Vanguard conditioning users for phone phishing atttempts

I am not a security expert, by any means, but my experience with Vanguard this morning left me with concerns about their security practices.

This Morning

My girlfriend received a call from someone claiming to be an employee of Vanguard. Without providing any verification, this person then proceeded to ask for the answer to one of her security questions.

If username and password are ever compromised, the security questions are the next (and possibly last?) line of defense against hacking an account.

My girlfriend immediately hung up and called Vanguard back to confirm their identity. Eventually, we were able to verify that they had, in fact, phoned.

Recipe for phishing?

Maybe I’m just being paranoid, but it seems to me that Vanguard is actively conditioning its customers to expose themselves to phishing attempts in the future. If Vanguard is willing to call and ask for this info, why not ask for more credentials down the road?

I called Vanguard back to discuss this phone protocol. Unfortunately, they do not publish a direct number to their security department. Even after speaking to several levels of management, I was never connected with a security expert.

Vanguard’s Response

At the top of the management chain with whom I did speak, I received two important pieces of information. First, this manager claimed that issues like these would become less meaningful in the future when they roll out voice recognition based security protocols. There was no timeline given for an official release (she did mention a Beta coming soon but wide adoption seems far out). Second, the manager acknowledged that this is probably a security hole but that it’s a tradeoff that they are willing to accept for smoother customer operations.

It seems, it would be too clunky for Vanguard to call a customer and ask that customer to call back on a secure, publicly verified phone line (or log in through the secure website).

I found all of this deeply troubling. Vanguard should have the highest possible standards for security. Am I off base here, or is this a really bad security practice?

About these ads

Beefing up the Python Shell to build apps faster and DRYer

One of the great mantras in Python is avoid repetition. And yet, when working on a Django app or with a new third party library, I often find myself stuck in the same pitiful cycle:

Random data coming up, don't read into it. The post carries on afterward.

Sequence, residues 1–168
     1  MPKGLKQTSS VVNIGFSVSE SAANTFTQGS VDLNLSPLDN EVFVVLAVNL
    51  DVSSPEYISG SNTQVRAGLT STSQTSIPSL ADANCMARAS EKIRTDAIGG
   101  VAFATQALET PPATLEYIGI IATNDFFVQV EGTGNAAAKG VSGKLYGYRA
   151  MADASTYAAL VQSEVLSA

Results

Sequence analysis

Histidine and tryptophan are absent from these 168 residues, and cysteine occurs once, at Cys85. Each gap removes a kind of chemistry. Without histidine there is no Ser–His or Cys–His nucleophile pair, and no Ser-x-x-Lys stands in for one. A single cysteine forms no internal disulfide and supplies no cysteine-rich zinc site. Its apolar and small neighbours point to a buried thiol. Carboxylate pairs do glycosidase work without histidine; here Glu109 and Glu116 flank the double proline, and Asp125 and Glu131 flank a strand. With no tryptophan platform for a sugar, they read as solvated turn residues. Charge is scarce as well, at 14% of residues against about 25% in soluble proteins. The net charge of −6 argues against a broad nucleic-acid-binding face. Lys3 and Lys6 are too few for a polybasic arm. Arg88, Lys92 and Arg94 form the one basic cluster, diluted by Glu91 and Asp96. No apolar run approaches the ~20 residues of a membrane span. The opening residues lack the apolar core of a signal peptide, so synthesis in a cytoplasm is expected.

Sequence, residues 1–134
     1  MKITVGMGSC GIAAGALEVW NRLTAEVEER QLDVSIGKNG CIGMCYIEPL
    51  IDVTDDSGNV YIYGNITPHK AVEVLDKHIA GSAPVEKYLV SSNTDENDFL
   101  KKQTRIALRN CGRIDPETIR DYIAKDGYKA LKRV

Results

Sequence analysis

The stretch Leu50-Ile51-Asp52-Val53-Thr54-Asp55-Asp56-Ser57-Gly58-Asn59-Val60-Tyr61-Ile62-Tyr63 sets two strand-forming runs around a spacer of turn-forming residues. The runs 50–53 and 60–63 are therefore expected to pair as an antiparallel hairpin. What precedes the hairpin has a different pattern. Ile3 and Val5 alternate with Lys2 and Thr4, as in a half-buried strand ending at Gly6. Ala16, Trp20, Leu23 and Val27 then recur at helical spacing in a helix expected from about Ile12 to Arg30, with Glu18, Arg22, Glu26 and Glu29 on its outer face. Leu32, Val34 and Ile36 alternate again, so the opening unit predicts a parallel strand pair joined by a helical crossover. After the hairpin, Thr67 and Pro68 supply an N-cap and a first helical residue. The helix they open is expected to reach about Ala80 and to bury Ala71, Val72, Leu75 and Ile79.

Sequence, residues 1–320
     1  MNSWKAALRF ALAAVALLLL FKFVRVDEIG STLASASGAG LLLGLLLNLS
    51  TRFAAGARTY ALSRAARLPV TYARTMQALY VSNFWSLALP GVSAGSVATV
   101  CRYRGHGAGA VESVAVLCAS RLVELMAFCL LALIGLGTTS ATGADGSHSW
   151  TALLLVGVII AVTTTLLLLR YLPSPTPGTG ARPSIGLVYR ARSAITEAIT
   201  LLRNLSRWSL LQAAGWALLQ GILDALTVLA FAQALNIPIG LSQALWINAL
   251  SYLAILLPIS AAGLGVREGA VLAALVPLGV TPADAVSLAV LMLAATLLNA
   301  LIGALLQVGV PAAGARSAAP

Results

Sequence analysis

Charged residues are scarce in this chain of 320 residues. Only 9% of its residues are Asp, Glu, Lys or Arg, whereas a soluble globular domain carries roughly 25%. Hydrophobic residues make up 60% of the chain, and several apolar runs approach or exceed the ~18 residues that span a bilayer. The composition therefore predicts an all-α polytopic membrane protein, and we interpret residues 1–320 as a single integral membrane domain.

Start the Shell; encounter a bug or unexpected behavior; close the Shell; make some changes to my code; restart the Shell. And so on….

This sucks. Not only does it end up wasting 3-4 seconds for each Shell restart on my Macbook Air (those seconds really add up over time), it also inevitably leads to soul crushing frustration.

As an alternative to incessantly restarting the Shell, you could use the builtin Python reload() function, which reimports a given module within the program. Unfortunately, issues still crop up:

  1. reload() must be passed a module as an argument, meaning you have to import the entire module at some point in your program.
  2. Typing reload(module_name) still takes too much time if done ad naseum
  3. Django modules can’t be reloaded normally due to the AppCache singleton.
  4. People forget about the builtin in the heat of the moment, it just happens.

My solution (inspired by the builtin, multi-threaded Django server) was to add an auto-reloading thread to Shell_Plus.

Shell_Plus, an the extremely helpful script found in the Django Extensions library, is a Django Management Command which spins up an embedded Shell. Within the embedded Shell, the script sets a number of objects in the global scope on startup via (i.e. your Django models and settings variables).

The major change here is that, before entering the mainloop of the IPython Shell, a Watchdog observer thread (another great library) is kicked off, which listens for file system events. When a relevant event occurs, the thread automatically reloads the module into the global scope of the embedded Shell via a global dictionary. It’s fast and completely transparent to the Shell user.

This rather large gist (github) contains the code for the reloader thread, along with a heap of documentation.

At this point, I should mention that I decided to add some black magic to make the reloader as powerful as possible.

When a class definition is changed in a file and reloaded in the shell, all of the instances of the old version of that class inside the Shell’s global scope are dynamically assigned the reloaded class.

old_instance.__class__ = RefashionedKls

The implications of that last point are a little crazy. While inside a pdb debugger, you can add, delete, or modify class methods and immediately see the result inside the Shell session. I’ve used it to great effect while debugging and generally experimenting with code but the danger is obvious so beware. Again, check out the gist to see more details.

You can find my Django Extensions fork at github.

Even if you are not developing a Django app specifically, you can build off this concept of auto-reloading embedded Shells for any Python project.